Divorce in Japan
The first thing that you must confirm is whether the courts in your country have jurisdiction over your possible divorce case.
If they do, it would be much easier for you to get through the procedure in your country than in Japan.
Please also confirm whether the rulings of the courts in your country are effective in Japan, too.
Please note that some courts denied the effectiveness of rulings by the US courts because the service didn’t abide by the Japanese Civil Procedure Act.
On the contrary, the Japanese Family Courts are likely to have a jurisdiction if a respondent lives in Japan. And, the Japanese laws are applicable if either you or your spouse is a Japanese citizen.
Under the Japanese Civil Code, married couples can get divorced either by mutual agreement (Kyogi-Rikon) or through court procedures.
However, since many countries admit only court-involved divorce as official one, we recommend international couples to get divorced through court conciliation procedure, so called Rikon-Choutei, even if you and your spouse have virtually reached an agreement on divorce.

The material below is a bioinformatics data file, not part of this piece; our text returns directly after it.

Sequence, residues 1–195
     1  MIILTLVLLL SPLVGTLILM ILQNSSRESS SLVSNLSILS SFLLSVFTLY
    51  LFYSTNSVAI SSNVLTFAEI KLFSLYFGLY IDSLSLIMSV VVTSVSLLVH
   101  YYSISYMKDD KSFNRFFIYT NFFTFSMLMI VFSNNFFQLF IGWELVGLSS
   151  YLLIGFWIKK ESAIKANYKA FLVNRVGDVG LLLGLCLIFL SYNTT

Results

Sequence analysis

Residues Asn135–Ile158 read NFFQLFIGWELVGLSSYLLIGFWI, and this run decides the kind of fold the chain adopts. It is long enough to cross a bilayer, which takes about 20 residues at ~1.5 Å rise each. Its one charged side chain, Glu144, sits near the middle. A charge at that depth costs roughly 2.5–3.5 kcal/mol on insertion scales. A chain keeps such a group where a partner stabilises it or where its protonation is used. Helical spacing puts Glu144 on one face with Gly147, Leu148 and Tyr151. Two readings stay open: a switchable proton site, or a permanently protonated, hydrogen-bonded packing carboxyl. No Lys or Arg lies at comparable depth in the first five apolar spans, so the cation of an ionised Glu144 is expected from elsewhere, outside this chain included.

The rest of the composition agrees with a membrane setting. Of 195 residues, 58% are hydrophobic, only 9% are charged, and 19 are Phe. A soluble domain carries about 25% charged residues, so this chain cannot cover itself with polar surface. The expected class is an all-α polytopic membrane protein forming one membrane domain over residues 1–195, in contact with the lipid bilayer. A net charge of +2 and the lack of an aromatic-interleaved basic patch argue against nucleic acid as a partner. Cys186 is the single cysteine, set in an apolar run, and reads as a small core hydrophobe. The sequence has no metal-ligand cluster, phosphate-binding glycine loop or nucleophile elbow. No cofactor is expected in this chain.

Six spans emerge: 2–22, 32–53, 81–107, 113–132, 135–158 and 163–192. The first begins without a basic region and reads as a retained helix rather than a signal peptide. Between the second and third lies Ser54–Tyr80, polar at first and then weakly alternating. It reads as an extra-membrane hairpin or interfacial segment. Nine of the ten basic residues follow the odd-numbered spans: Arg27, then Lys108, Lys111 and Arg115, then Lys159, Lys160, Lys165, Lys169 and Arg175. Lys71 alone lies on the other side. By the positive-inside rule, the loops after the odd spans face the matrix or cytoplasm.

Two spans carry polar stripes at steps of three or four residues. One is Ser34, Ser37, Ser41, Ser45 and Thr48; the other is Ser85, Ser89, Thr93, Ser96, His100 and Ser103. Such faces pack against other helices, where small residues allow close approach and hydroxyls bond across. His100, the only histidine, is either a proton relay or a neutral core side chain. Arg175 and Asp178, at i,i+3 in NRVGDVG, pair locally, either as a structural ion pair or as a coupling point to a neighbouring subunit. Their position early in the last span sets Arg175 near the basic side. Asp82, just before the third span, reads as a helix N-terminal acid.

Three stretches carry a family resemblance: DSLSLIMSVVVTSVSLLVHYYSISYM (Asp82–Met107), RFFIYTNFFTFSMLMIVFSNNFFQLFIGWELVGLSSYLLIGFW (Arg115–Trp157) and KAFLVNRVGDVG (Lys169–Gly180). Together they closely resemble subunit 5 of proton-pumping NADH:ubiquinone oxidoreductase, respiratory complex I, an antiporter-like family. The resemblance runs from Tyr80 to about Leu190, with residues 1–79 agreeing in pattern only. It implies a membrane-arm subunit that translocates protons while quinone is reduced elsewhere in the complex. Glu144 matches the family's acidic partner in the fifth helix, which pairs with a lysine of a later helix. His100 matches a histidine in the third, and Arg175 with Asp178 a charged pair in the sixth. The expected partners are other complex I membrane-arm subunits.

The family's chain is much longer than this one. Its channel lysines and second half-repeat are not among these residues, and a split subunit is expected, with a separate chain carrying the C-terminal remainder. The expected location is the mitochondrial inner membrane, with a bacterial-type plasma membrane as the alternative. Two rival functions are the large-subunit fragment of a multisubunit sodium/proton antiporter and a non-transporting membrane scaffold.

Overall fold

In the conciliation, couples discuss and decide many things including;
- parental authority (parental rights and duties over their children)
- child support
- asset division
While parental authority is exercised jointly by both parents during their marriage, it shall be exercised only by either one of them after divorce. Therefore, parents should decide which one takes this authority.
If you fail to reach an agreement on divorce in the conciliation procedure, you are supposed to file a divorce suit with a family court.